The damage had been caused by a complement of six 155 mm howitzers. The latter were much less imposing than the big guns at Quan Loi. The shells could be shoved into the barrel of the cannon by two men using a cradle. Followed with a bag of explosive, closing of the breech cover, and a snap of the lanyard. The projo went sailing to explode several miles away intended to do bodily mayhem to the NVA and Viet Cong. When they were fired repeatedly and continuously, they set the whole earth around them into action – shaking, rattling, and rolling – and not just in the distance where the shells were intended to do their damage.
Gradually, I got the feel of things. My compatriots came to me for one problem or another. Little things like colds and ringworms, cuts and scrapes, I handled with ease. I did my first suturing in the middle of the great Vietnamese outdoors. If anything occurred beyond my intended good sense, I had the option of the Special Forces (Green Beret) encampment within relatively close range. An SF medic was the next step in the medical echelon. If we had taken casualties, a call for Medevac would have quickly gone out.
Thankfully, that event did not occur during my three months at the Fire Support Base. What did result were hours and hours passed trying to occupy myself. I had copies of Taber’s Medical Cyclopedia and the Merck Upledger of Diagnosis and Therapy. I spent a lot of time with the latter, a compact book crammed with fine print. It was a struggle as are many medical texts. I learned a little about medicine and a lot about its penchant for categorizing and labeling without coming to many tangible conclusions. And, that even in the latter years of the 20th century there was so much unknown and so much more to discover. As in many disciplines in the modern age, “Things are complicated.” And so was and is disease and medical practice. There were lists and lists and more lists – which seemed to suggest “we know a lot of things, but putting them together is harder than we care to tell you.”
My time with F Battery passed slowly and stretched out much longer than the “few days or weeks until you are replaced.” Eventually, I got itchy feet and caught a ride in a helicopter back to Quan Loi. Nobody at F Battery seemed to mind. But, they did at the Battalion Aid Station.
SGT Head, who replaced Michaels, was upset that I left my post without being properly relieved. I held my ground telling that I had not been relieved as told previously, nor had I been given much for communication during my near three months at the fire support base. Head hemmed and hawed for a while. “You get back to your post right away and we will see you are replaced and sent elsewhere in days. I promise.”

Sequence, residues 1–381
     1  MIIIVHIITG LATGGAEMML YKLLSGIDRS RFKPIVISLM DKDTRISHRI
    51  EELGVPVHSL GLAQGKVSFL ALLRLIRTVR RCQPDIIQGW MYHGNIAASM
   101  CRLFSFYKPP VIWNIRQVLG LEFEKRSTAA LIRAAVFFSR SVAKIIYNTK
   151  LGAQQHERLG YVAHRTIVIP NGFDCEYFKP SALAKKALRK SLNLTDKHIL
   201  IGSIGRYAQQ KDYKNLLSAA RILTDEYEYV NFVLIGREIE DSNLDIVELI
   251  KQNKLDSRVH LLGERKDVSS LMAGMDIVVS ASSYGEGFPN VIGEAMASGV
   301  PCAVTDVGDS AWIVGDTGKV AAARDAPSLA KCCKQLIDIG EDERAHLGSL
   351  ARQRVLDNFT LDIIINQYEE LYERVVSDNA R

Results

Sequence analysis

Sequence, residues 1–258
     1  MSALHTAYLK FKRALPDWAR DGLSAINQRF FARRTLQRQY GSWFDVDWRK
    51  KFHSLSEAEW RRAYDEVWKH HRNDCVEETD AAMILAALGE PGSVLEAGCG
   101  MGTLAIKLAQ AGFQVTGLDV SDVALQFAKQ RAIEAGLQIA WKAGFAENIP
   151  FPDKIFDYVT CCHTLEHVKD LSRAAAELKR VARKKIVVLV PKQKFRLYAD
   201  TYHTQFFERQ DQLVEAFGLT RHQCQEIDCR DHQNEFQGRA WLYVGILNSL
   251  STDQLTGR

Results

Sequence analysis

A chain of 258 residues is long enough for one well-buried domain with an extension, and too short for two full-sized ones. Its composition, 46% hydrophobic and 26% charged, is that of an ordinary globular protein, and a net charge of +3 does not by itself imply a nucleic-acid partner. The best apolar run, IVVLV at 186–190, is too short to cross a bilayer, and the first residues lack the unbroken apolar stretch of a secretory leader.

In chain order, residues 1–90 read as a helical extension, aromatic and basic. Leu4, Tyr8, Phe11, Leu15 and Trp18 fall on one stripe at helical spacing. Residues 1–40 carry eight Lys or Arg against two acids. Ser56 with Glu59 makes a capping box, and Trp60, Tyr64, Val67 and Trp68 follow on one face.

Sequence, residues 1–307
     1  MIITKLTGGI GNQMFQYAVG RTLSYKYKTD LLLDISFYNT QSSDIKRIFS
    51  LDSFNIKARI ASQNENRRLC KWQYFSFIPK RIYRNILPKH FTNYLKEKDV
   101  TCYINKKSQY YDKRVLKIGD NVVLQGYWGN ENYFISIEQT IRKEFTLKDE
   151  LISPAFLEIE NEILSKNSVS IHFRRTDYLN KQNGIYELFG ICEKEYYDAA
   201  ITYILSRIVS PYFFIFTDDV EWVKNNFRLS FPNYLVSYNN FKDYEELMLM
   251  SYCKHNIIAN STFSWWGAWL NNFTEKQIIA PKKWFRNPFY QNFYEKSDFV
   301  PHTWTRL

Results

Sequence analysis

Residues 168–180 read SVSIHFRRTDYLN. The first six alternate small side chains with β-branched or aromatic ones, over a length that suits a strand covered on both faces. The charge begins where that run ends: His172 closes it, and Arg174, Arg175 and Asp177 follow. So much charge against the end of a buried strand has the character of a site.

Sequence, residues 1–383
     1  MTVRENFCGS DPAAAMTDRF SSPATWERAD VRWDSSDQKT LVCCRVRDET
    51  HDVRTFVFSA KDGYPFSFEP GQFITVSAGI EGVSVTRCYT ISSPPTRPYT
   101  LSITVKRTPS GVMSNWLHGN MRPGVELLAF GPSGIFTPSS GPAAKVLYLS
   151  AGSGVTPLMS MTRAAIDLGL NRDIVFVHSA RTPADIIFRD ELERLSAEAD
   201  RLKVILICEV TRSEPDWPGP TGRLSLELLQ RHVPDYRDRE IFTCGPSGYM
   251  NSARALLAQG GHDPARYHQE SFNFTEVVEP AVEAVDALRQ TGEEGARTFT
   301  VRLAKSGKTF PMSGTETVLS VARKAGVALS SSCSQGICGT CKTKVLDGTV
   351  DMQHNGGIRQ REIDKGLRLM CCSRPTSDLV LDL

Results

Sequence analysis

Well, he was true to his words. He extricated me from F Battery, but I was destined for another outpost still on my own. Head didn’t want me under foot or rivaling him at Headquarters. So, I was sent to B Battery at Song Be. A spot a little more civilized.
Next to an asphalt airstrip and a contingent of First Infantrymen, B Battery had the big guns with a well-constructed fort-like perimeter made of mounds of dirt and called the berm. There were turrets at each corner and in the middle of each flank of the compound. Some had 50-caliber machine guns and others were stocked with recoilless rifles. Barbed and concertina wire were spread beyond the perimeter along with Claymore mines and other nasty devices to keep “Charley” away. The only way into the compound was through a gate which was guarded at night, but ignored during the day. I figured a number of times if the VC were really smart they would have made a foray into a camp like our own during the day time when least expected.
Specialist 5th Class McNary had a real aid station, reasonably well stocked with gear and medicines. It was located at the end of a bunker built half underground and the other half covered with culvert and sand bags. The rest of that bunker made for a barracks where I lived with a few other artillery men.
When I first arrived, the departing medic gave me a short list of extra chores which the Battalion Surgeon had detailed after his recent inspection. At the top, I read, “Burn off the sump at least once a month.” The sump was a pond which drained greasy refuse from the mess hall.
I was game to accomplish the task and strike it quickly from the list. One bright morning, I procured a half-full 55-gallon barrel of diesel and rolled it up and over the compound’s protective berm. I next vented the barrel and allowed its contents to spew onto the surface of the sump. After a goodly layer of diesel was floating on the pond, I pushed the barrel, remains and all, into the pond. Then, I stepped back and tossed a match. There was an instant “WHOOSH” and an eruption of flame. I thought to myself, “Well done. Well done. You can scratch #1 off the Surgeon’s list for this month.”